Last week I attended the Better Agile & Software Development Conference East, and I really enjoyed the experience. The conference presented a good opportunity for organizations to come and learn about some of the common struggles facing software development from a process and strategy context.
Because of the broad topic area, the conference included a good mix of organizations in terms of size and industry. For example, there was one organization there that has a single development team, and it sent most of the development team to the conference for Agile certifications and learning opportunities. There were other organizations who hand-picked members from among hundreds of teams, with the intent of discovering fresh ideas to bring back to present to managers in the hopes of starting a conversation about ways to improve or move forward. The vast array of lines of business in attendance was impressive – software development vendors, government agencies, blood banks, medical clinics, financial firms, department store chains, process consultants and everything in between.
The conference itself seemed to focus on two common themes. The first was trouble with testing inside of the Agile framework. Testing is no less important to the development process than actually developing the code or requirements, but often testing is crammed into the end of a sprint cycle, which leads to late discovery of defects and contributes to difficulty in estimating projects.
This difficulty speaks directly to the second common theme – trouble with estimation in Agile. A large number of organizations are having trouble shifting their estimation models to fall in line with the Agile approach because of the change in philosophy and an inability to establish a recognizable cadence to their releases. This also makes it difficult to provide reliable estimates, which snowballs with the testing issues mentioned above.
Some of the tutorials I attended at the conference provided good insight into ways to deal with the problems of estimation within the Agile framework. The best example of this was taken from a tutorial about the role of a business analyst in an Agile environment when the instructor mentioned an idea that resonated immediately with everyone in the room and provided words to a concept we had all felt before – the need for a “definition of ready.”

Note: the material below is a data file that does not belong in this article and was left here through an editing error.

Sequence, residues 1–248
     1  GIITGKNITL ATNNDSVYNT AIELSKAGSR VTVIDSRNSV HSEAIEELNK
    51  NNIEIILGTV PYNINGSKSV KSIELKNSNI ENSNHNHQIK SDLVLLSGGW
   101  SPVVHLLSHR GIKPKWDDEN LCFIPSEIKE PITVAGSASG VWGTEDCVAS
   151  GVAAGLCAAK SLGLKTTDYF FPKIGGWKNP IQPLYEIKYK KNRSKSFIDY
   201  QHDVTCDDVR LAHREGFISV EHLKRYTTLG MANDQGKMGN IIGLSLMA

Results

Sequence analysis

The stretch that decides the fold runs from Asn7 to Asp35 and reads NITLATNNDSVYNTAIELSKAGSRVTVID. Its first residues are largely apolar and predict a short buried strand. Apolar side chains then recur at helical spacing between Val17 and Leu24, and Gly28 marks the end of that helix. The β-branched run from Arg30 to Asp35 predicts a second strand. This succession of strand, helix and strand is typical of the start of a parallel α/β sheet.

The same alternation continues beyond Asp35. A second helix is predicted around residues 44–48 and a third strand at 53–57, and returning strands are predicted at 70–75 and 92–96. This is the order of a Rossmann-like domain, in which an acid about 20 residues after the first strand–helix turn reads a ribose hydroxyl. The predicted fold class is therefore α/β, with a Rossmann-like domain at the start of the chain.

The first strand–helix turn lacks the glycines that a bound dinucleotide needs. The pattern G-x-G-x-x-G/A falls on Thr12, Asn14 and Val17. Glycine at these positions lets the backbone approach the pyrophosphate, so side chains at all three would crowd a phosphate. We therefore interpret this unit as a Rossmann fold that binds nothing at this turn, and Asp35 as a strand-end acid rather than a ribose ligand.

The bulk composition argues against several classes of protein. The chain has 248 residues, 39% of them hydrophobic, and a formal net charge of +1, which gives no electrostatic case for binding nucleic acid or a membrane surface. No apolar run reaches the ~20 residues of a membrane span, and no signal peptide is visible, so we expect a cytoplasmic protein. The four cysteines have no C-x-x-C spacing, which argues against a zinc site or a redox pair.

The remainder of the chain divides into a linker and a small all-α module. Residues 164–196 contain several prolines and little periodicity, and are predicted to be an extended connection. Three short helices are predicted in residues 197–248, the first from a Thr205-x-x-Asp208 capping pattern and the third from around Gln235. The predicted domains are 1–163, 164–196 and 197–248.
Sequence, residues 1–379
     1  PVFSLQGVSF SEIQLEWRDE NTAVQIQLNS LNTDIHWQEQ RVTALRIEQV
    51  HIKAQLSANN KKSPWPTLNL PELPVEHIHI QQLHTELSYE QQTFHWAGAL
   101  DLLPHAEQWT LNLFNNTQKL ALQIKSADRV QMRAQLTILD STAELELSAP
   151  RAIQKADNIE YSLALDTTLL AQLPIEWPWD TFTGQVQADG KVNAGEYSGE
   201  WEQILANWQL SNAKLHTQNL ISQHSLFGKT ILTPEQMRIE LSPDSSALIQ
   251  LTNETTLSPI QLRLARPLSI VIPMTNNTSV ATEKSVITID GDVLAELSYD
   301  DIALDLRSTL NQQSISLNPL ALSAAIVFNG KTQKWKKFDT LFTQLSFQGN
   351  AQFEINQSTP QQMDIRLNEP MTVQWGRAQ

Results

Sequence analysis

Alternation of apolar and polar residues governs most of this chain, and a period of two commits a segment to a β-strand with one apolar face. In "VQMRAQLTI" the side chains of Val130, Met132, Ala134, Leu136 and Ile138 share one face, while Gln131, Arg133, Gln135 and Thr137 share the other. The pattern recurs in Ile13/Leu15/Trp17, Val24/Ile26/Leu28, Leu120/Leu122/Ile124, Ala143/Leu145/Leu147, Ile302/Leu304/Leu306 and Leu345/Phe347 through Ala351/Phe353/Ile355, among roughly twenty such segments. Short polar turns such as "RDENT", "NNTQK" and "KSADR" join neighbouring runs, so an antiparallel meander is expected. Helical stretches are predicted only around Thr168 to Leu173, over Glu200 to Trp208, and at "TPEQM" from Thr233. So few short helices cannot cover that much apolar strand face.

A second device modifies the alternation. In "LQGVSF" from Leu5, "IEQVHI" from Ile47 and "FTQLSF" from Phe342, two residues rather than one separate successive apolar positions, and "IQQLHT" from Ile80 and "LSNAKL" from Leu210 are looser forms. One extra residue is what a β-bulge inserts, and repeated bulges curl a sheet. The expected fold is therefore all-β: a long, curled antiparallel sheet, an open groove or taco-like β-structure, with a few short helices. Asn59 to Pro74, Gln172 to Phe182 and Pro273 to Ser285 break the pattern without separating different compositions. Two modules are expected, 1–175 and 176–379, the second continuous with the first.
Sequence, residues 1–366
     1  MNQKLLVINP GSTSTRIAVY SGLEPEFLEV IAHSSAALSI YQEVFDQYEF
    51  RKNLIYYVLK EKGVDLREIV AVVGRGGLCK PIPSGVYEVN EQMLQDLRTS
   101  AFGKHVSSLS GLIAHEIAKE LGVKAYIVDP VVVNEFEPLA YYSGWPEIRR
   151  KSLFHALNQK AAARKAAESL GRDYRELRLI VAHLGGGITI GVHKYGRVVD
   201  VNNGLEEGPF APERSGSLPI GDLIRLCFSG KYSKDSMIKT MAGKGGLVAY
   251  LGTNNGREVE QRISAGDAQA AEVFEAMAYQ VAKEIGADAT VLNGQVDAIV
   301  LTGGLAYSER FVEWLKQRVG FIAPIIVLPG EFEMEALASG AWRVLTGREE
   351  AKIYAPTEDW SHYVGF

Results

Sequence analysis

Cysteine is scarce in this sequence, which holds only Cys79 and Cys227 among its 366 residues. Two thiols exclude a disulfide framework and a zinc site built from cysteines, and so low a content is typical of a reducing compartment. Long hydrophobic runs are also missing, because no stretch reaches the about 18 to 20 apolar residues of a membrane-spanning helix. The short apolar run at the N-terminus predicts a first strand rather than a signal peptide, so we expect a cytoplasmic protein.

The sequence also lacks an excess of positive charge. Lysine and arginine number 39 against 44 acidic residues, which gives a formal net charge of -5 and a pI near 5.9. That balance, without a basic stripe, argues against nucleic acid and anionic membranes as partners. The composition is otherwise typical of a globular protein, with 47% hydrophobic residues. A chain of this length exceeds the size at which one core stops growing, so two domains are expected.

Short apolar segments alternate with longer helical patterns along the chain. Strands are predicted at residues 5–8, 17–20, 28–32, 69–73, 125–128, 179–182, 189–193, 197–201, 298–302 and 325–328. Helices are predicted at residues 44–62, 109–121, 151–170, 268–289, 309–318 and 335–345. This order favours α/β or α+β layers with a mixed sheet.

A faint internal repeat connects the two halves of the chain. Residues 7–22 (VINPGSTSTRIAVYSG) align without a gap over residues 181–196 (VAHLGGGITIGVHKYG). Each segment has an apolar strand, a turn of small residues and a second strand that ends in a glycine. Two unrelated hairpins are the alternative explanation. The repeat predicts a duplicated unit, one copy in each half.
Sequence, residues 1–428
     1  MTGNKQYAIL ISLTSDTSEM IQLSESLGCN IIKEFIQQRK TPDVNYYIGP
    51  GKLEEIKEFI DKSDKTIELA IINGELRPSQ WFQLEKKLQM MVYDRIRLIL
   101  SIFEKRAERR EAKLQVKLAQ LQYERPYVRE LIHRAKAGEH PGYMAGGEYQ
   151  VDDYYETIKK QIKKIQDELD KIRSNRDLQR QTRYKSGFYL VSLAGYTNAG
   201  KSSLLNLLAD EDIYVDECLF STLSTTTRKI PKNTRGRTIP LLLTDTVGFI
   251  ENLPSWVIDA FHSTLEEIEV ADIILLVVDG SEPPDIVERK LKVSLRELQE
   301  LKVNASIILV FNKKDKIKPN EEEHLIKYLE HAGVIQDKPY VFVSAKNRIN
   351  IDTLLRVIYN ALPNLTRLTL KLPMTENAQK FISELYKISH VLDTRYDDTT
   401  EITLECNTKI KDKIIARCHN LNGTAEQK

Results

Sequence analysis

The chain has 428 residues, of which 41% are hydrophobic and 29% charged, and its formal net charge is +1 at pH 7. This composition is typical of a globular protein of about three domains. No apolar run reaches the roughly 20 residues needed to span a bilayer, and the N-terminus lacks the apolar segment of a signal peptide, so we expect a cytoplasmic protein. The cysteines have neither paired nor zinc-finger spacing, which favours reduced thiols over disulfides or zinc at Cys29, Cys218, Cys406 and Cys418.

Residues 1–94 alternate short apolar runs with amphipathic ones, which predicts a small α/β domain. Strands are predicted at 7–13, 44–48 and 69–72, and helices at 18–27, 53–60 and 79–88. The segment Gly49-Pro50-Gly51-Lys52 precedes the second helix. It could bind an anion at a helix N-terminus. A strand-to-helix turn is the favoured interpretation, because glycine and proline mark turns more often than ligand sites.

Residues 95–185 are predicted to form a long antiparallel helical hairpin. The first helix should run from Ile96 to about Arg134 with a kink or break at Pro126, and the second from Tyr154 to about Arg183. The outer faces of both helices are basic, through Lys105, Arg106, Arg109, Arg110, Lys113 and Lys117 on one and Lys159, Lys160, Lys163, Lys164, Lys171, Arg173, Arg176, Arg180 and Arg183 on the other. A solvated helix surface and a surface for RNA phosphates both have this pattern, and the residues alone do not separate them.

In Agile we are familiar with the idea of a “definition of done” – aka the criteria we have to consider for a backlog item to be considered complete and moved into the “done” pile. The definition of ready is the other side of this – aka the criteria that must be met in order to consider an item ready to go into the backlog. If this criteria is not established, the backlog gets cluttered quickly and the implications are not understood to the greatest degree possible. This then makes it difficult to estimate the task appropriately and also leads to more difficulty in establishing the testing goals in advance.
I certainly came away from that tutorial and the others with some good tips for how to approach these (and other) trouble areas. Of course, it was also nice to be just a block away from Downtown Disney for some evening entertainment!
I look forward to delving further into the concept of estimation in the Agile environment (something we can help with here at DCG) and the “definition of ready,” with the team here at DCG. If you attended the conference and have any thoughts about these concepts or about the conference itself, please leave a comment! Otherwise, I hope to see you there next year!